Sevres bourdaloue, with medallion depicting a scene from Watteau, blue lapis and framed in gold leaf. 1892.

It is a little hard to distinguish truth from fiction, so I am a bit skeptical about this apocryphal tale. Were the priest’s sermons in the early 18th century so truly awe-inspiring that a lady would squat in her pew, however discreetly, to relieve herself in front of her family and other parishioners so as not to miss a word?

In truth it was her maid who brought the vessel in, for bourdaloues were compact and came with a cover. When a lady had to relieve herself she would, I imagine, retreat discreetly to a private corner of a tall pew or to a back or side room in the church. Her maid would then hand the vessel over to her mistress, who took care not to spill any liquid on her skirts. When the lady was finished, she would hand the bourdaloue to her maid to empty its contents.  When attending a play or opera at the theatre, I imagine she would again retreat to a darker more private corner of the box to urinate.

A PAIR OF SEVRES BOURDALOUES (POTS DE CHAMBRE OVALE) CIRCA 1776,

Designed only for women, these bourdalous are quite beautiful. Made of faience or porcelain, they are decorated with flowers or painted scenes. Many are gilded. The portable pots, or coach pots as they were known in England, could be decorated inside as well.  They were quite small and compact, designed for travel, which made it easy to carry them and pack them for coach trips. They were also taken to long banquets, where ladies would scurry behind curtains when they needed to go.

Bourdalou made in France c. 1840. It has an engraved crest and a leather case to contain it. The silver bourdalou is a small urinary receptacle for female use, of compressed eliptical shape and generally made of porcelaine or earthenware, but also made occasionally of silver. Its front end has an incurved rim and, usually, stands on a simple foot ring with a simple loop handle. Also known as a coach pot in England.

Bourdaloues were used throughout the 18th and for most of the 19th century. As water closets began to be built inside homes and buildings, the use of these chamber pots began to be reduced dramatically.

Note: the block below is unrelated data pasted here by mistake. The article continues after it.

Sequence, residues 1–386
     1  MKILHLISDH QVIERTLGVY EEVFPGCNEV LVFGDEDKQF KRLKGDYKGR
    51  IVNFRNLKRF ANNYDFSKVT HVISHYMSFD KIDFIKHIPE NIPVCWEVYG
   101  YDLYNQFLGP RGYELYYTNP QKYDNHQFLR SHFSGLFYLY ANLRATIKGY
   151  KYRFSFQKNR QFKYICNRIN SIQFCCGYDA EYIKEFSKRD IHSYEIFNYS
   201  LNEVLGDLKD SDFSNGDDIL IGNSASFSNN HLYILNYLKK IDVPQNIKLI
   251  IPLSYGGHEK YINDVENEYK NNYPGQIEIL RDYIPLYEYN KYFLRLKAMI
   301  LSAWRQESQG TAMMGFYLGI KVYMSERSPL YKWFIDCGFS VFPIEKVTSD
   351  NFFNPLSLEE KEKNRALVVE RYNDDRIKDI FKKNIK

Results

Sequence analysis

Plain bourdaloue made of creamware. The shape is quite elegant.

Gentlemen had it a little easier, although this satiric French cartoon, which I have shown before, depicts the disgust that Frenchmen felt towards Englishmen who freely pissed in a pot in the dining room. In this instance, the man misses the chamber pot and hits the floor. There seems to be a lack of modesty among these men, which largely holds true today.

c1816, from Fitzwilliam Museum.

Modesty is also lacking in this cartoon of ladies relieving themselves inside a public restroom at Vauxhall Gardens. Four are arrayed on a long latrine against the wall. One lady is refreshing her make up and another is tightening her garter. If such scenes were common for upper class women in public spaces, perhaps many felt no modesty relieving themselves in church as well.

The Inside of the Lady’s Garden at Vauxhall, 1788 by SW Fores. Image @British Library. The interior of a ladies’ cloak-room. Against the wall on two sides of the room is a bench forming a latrine on which four fashionably dressed ladies are seated. On the right a woman in profile to the right, resembling Lady Archer, applies paint to her cheeks before a mirror lit by two candles. A young woman seated beside her on the extreme right ties up her garter.

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When Lady Caroline Lamb met Byron in 1812, the waltz was starting to gain traction with the more progressive elements of Society. This couples dance was considered rather racy in an age when stately group English country dances were the primary offerings at Almack’s.

Thomas Rowlandson’s image of the waltz in 1806

The vivacious and racy Lady Caroline Lamb met Lord Byron in 1812. She recalled that time in a letter she wrote 12 years later: